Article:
Posted by: Catherine | January 26, 2009

J. Leblanc Oils

leblanc_oils-550-486When Bruce, Emma and I were in Paris we stumbled upon a closet-size shop in Saint Germaine that sold nothing but nut oils (actually, they sell vinegars, too, but that’s not their bread and butter…so to speak). Their work hours were comme ci, comme ca for over-scheduled tourists—but, there was just something about the little spot that drew us back during “business” hours—and have we been happy ever since! These are the most extraordinary artisnal nut oils, I promise. I buy them at Surfa’s here in Los Angeles, but they’re available online at a number of sources including Gourmet County. Don’t be put off by the price—they’re expensive, but these oils are positively sublime, and a little goes a long way.

Tip: Check the expiration date of any J. Leblanc oil you don’t buy at the shop in Paris. They’re made to order (the company has no storage facilities), and I have bought some at different online sources that have not been as fresh as they should be. I read somewhere that if you refigerate after opening, they should last up to a year.

My favorites are the Pistachio and Hazelnut Oils (they also have Almond, Argan, Grilled Peanut, Pecan, Pumkinseed, Grilled Pine Nut, Grilled Sesame, and Walnut Oils as a selection of vinegars).  I use them for “seasoning,” not for sauteeing or cooking. Here are two of our favorite recipes (please let me/all of us know what you come up with…):

Goat Cheese Salad with Pistachio Oil and Pistachios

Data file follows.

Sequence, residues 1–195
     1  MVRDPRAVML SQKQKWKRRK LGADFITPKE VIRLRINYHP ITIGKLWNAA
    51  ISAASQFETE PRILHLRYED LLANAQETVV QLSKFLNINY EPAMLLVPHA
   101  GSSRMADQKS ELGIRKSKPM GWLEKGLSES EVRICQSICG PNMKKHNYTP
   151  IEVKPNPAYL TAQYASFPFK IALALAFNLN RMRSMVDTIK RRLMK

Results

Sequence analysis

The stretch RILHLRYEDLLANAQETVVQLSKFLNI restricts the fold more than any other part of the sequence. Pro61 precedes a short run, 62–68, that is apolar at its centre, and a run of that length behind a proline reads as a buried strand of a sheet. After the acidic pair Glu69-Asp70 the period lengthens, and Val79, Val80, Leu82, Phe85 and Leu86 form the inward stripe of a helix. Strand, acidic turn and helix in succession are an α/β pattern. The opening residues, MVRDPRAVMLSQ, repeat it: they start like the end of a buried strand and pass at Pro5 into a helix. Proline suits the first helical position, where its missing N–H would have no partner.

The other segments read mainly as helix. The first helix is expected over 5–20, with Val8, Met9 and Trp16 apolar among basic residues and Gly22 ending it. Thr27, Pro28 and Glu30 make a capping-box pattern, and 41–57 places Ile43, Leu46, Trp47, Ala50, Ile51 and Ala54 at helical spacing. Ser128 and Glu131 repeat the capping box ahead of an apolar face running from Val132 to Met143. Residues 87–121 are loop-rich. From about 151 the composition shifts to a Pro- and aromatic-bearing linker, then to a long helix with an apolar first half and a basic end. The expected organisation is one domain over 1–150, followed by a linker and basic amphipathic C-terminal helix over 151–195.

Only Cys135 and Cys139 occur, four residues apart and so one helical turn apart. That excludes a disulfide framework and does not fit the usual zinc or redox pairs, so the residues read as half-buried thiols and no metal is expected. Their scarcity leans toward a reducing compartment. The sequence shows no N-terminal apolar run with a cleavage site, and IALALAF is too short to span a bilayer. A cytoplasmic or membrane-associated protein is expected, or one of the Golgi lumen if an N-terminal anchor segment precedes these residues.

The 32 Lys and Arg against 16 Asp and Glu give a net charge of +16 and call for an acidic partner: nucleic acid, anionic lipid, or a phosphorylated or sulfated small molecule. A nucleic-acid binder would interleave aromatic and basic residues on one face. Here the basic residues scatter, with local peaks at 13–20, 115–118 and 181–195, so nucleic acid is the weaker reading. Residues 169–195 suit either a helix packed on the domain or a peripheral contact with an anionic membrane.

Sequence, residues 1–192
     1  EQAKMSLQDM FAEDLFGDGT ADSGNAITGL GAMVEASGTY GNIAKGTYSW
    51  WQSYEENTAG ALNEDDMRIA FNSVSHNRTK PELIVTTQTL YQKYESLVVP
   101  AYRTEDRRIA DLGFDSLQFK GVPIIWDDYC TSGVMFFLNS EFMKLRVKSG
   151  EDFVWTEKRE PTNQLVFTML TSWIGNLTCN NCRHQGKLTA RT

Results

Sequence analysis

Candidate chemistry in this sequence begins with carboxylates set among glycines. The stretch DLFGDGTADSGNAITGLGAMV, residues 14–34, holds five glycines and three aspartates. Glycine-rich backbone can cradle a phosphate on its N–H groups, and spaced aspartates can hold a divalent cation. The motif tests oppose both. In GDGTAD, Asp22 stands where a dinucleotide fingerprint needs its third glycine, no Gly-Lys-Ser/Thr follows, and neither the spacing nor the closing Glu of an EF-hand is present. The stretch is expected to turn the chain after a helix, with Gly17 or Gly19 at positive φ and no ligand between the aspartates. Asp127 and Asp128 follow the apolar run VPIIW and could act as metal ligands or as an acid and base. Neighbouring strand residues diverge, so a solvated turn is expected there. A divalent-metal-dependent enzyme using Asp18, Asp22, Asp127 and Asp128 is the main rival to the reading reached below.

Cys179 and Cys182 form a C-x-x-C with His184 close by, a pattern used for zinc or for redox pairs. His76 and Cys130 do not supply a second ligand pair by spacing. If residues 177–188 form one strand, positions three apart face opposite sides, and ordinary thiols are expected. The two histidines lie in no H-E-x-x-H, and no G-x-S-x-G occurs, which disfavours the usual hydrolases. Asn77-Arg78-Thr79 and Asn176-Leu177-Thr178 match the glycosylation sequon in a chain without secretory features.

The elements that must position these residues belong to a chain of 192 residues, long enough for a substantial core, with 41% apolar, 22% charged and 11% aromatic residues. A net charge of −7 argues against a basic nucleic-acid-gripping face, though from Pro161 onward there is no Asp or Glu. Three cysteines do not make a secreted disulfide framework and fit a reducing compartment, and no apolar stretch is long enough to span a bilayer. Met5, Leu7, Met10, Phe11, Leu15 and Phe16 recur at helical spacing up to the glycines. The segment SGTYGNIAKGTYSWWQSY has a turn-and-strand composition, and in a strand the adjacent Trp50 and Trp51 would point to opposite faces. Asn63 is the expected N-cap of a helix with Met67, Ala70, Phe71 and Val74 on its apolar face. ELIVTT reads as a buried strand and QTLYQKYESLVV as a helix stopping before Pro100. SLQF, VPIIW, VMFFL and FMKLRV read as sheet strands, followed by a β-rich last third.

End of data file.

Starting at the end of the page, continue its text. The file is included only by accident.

I don’t use any vinegar at all–I just want the purity of the pistach….


Butter lettuce, as many heads as you need

Good quality goat cheese, 1/2- to 3/4-inch slices, 2 per person

Freshly ground black pepper

J. Leblanc Pistachio Oil

Shelled pistachio meats

Good crusty baguette, 2 slices per person


Wash, dry and tear lettuce. Set aside.  Pepper goat cheese slices and place in a toaster oven until they’re soft and warm all the way through. Arrange on top of lettuce, sprinkle with J. Leblanc Pistachio Oil and pistachios. Serve with bread.


Ravioli with Hazelnut Oil

I make this as a first course, usually with some kind of game ravioli—quail, duck, venison…but you could use chicken. I figure 4 to 6 per person.


J. Leblanc Hazelnut Oil

Grated fresh Parmesan

Italian parsely, minced


Cook the ravioli, plate, sprinkle generously with J. Leblanc Hazelnut Oil, Parmesan and parsely. (Could this be easier? It couldn’t be more elegant!)


A Short History of J. Leblanc

The company, now run by Jean-Charles Leblanc, grandson of the founder, is based in the south of Burgundy, France. Family-run since 1878, Leblanc uses only the finest quality whole nuts available, many grown by the same farms it’s been working with since the earliest days. Each batch of oil requires 54 pounds of nuts that are ground by the huilerie’s original granite mill, then roasted until, finally, it’s transfered to a mechanical press where it’s divided, separated, and expressed at 22,000 pounds of pressure. After resting for up to 14 days so sediment can settle, it’s bottled. Three hundred liters a day–pure, unadulterated, unfiltered, and unrefined. 




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